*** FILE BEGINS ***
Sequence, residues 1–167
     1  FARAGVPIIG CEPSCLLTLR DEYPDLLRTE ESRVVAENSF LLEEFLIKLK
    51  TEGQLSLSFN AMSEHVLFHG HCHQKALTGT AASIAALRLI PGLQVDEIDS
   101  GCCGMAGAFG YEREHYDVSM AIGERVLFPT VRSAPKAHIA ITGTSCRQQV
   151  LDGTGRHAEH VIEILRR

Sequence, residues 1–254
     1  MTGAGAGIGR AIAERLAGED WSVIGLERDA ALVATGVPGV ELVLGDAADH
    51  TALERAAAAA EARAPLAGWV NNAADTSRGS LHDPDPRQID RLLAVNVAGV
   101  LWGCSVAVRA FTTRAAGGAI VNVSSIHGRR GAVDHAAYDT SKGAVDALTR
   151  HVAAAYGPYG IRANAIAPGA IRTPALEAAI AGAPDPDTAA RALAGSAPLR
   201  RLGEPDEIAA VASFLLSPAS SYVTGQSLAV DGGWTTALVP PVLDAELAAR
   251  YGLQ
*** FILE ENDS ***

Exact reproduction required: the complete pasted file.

Sequence, residues 1–167
     1  FARAGVPIIG CEPSCLLTLR DEYPDLLRTE ESRVVAENSF LLEEFLIKLK
    51  TEGQLSLSFN AMSEHVLFHG HCHQKALTGT AASIAALRLI PGLQVDEIDS
   101  GCCGMAGAFG YEREHYDVSM AIGERVLFPT VRSAPKAHIA ITGTSCRQQV
   151  LDGTGRHAEH VIEILRR

Sequence, residues 1–254
     1  MTGAGAGIGR AIAERLAGED WSVIGLERDA ALVATGVPGV ELVLGDAADH
    51  TALERAAAAA EARAPLAGWV NNAADTSRGS LHDPDPRQID RLLAVNVAGV
   101  LWGCSVAVRA FTTRAAGGAI VNVSSIHGRR GAVDHAAYDT SKGAVDALTR
   151  HVAAAYGPYG IRANAIAPGA IRTPALEAAI AGAPDPDTAA RALAGSAPLR
   201  RLGEPDEIAA VASFLLSPAS SYVTGQSLAV DGGWTTALVP PVLDAELAAR
   251  YGLQ